9th District:  Congressman Steve Cohen. Cohen has been a co-sponsor of the hate crimes law, the Employment Non-Discrimination Act, and safe schools legislation.  We would love to see him and Congressman Jim Cooper cosponsor the repeal of the Defense of Marriage Act, but given the choices we have this election cycle, both Cohen and Cooper are head and shoulders above their opponents.

State Senate Races

7th District:  We offer a non-endorsement in this Knoxville seat recently vacated by former Senator and now Knox County Mayor Tim Burchett.  State Rep. Stacey Campfield, the notorious sponsor of the Don’t Say Gay bill, is running for the seat. He has also been openly critical of OUTReach: the LGBT & Ally Resource Center at the University of Tennessee. We call on equality advocates in Knoxville to cast a vote for anyone but Campfield.  His Democratic opponent is Randy Walker. 

21st District:  No endorsement.  We miss Jeff Yarbro.  He and 58th district House primary candidate Steven Turner set the bar really high in terms of outreach to the Nashville GLBT community.  When members of our community have met with incumbent Sen. Henry about important policy issues, he has not shown much interest in dialogue until recently when he attended the celebration of the anniversary of the Metro non-discrimination ordinance. He is said to have become more progressive on the adoption ban legislation over the last two years.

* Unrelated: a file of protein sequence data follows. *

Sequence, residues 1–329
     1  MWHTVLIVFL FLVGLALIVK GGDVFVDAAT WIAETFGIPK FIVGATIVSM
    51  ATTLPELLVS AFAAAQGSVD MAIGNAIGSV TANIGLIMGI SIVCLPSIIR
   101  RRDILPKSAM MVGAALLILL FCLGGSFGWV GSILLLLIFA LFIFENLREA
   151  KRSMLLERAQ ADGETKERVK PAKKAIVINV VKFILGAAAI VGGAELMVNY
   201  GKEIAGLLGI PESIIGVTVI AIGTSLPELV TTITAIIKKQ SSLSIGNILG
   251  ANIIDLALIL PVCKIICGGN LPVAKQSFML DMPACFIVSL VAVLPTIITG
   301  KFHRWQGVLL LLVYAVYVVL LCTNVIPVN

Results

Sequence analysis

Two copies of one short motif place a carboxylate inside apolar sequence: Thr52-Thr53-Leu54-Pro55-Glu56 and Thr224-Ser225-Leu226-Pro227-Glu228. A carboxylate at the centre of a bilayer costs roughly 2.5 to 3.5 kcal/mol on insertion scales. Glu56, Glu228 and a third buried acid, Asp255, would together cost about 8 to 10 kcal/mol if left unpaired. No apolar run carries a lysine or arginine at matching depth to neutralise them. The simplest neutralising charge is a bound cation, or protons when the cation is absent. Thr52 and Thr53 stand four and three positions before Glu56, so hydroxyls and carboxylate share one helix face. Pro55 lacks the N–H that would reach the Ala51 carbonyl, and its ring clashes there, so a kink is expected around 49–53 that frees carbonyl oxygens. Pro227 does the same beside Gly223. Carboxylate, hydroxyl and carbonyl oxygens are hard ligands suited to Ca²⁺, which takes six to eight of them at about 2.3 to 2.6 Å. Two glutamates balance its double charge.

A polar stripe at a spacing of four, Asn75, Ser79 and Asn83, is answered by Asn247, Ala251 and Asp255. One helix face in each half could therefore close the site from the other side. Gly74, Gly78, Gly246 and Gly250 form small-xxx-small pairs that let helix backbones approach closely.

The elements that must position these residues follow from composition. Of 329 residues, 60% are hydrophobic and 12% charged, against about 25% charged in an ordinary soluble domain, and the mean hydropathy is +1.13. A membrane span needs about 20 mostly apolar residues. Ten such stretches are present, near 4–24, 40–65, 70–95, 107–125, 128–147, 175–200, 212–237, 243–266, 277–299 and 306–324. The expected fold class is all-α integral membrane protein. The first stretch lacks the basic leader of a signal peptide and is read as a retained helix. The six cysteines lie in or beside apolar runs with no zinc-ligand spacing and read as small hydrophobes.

His Republican opponent Steve Dickerson noted his own support of adoption by gays and lesbians in a recent interview. Henry is likely to win reelection. We hope he learned from his close call in the primary that progressives in his district are eager for a new direction in the 21st. If that means Sen. Henry develops a constructive relationship with Nashville’s GLBT community, then that’s a positive outcome.

29th District:  Senator Ophelia Ford. Sen. Ford is a co-sponsor of the bill that would add gender identity and expression to the current Senator Ophelia Fordstate hate crimes statute. We need all the support we can get in the Senate for that bill and we hope that voters in the 29th district do all they can in terms of volunteering and fundraising to return her to the Senate.

 

State House Races

28th District:  Representative Tommie Brown.  Dr. Brown was one of seven members of the TN House of Representatives who voted Rep. Tommie Brownagainst the marriage discrimination amendment to the Tennessee Constitution. She has also spoken out in the House k-12 education subcommittee against the Don’t Say Gay bill. 

45th District:  Dr. Charles Ihrig. Dr. Ihrig has run an aggressive campaign and reflects a more progressive alternative to Rep. Debra Maggart who famously attacked adoption by gays and lesbians in 2007.

49th District:  Rep. Kent Coleman. Rep. Coleman is chairman of the important House Judiciary Committee and a co-sponsor of the hate crimes bill.

50th District:  Rep. Gary Moore. Rep. Moore helped secure the support of the Nashville Firefighters for the Metro non-discrimination ordinance.

51st District:  Rep. Mike Turner. Turner’s GLBT constituents report a positive, constructive relationship with him.